Robert D. Weaver; Chad Weaver, Plaintiffs-appellants, v. Phoenix Home Life Mutual Insurance Company, Defendant-appellee, 990 F.2d 154 (4th Cir. 1993)Annotate this Case
Mark Andrew Mason, Mason & Robertson, Mount Pleasant, SC, argued for plaintiffs-appellants.
Patricia L. Quentel, Buist, Moore, Smythe & McGee, P.A., Charleston, SC, argued for defendant-appellee.
Before WIDENER and HALL, Circuit Judges, and CHAPMAN, Senior Circuit Judge.
CHAPMAN, Senior Circuit Judge:
Phoenix Home Life Insurance Company ("Phoenix Home Life") denied a portion of the benefits claimed by Robert Weaver, a participant in an employee benefit plan, and Chad Weaver, his son, also a beneficiary under the plan. On January 22, 1991, the Weavers brought an action against Phoenix Home Life in the Circuit Court for the State of South Carolina, which was subsequently removed to the United States District Court. The complaint alleges, pursuant to the Employee Retirement Income Security Act of 1974 ("ERISA"), 29 U.S.C. §§ 1001 et seq., an improper denial of employee medical benefits and a breach of fiduciary duties in the handling of the Weavers' claim. On cross motions for summary judgment, the Weavers' motion was denied and Phoenix Home Life's motion granted. We find this to be error, and reverse.
Robert Weaver, as an employee of Stoller Chemical Company, was insured for full family coverage under a group health insurance policy issued by Phoenix Home Life. Robert Weaver's son, Chad Weaver, became addicted to alcohol while a sophomore at the College of Charleston and on May 16, 1990, was properly admitted to Fenwick Hall Hospital for treatment, a covered expense under the insurance policy. Phoenix Home Life contracted with Cost Care, Inc. ("Cost Care"), an independent, physician-managed, health care utilization review firm, to perform pre-admission review and authorization services. Cost Care determined that hospitalization was required but that a stay of only twelve days at Fenwick Hall was the maximum medically necessary for Chad's recovery. Chad, under the advice of a Fenwick Hall doctor and an independent doctor, stayed for thirty days, eighteen days beyond that authorized by Phoenix Home Life.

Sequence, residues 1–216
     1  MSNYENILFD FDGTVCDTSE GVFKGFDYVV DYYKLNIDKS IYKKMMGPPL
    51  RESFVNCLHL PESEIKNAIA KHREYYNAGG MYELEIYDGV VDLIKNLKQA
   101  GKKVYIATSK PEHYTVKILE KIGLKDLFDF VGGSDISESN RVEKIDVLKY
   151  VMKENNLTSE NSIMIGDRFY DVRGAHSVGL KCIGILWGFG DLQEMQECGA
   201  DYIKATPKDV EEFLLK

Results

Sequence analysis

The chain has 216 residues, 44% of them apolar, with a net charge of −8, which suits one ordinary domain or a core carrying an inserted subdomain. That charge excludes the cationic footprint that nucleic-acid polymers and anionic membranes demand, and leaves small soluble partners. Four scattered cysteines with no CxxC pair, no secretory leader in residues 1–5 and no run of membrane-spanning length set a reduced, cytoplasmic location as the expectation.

The Weavers submitted to Phoenix Home Life a claim for benefits for the full thirty days and limited only by the benefit plan's maximum cap1 for this type of claim. Thereafter, on June 8, 1990, Stoller Chemical Company, Robert Weaver's employer, sent Phoenix Home Life a letter requesting an "appeal for 100% coverage." On November 9, 1990, however, Phoenix Home Life processed the Weavers' claim for benefits and paid only $5,630.40, that portion representing the twelve authorized days. Three days later, Phoenix Home Life sent an Explanation of Benefits to the Weavers, stating that the coverage for the last eighteen days had been denied because "confinement lasted longer than the time authorized." On December 26, 1990, Phoenix Home Life received a letter, dated December 11, 1990, from Robert Weaver requesting the medical reasons for limiting coverage to only twelve days at Fenwick Hall. The Weavers claim that they never received an answer. Phoenix Home Life states that it undertook a "re-review/appeal" of the Weavers' claim and, on January 18, 1991, requested Chad's hospital records.
On January 22, 1991, the Weavers brought suit against Phoenix Home Life alleging an improper denial of employee welfare benefits and a breach of fiduciary duties under ERISA. After removal to the United States District Court, each party moved for summary judgment. The district court denied the Weavers' motion and granted Phoenix Home Life's motion. The Weavers appeal both decisions. We hold that Phoenix Home Life improperly denied benefits to the Weavers and reverse the decisions of the district court.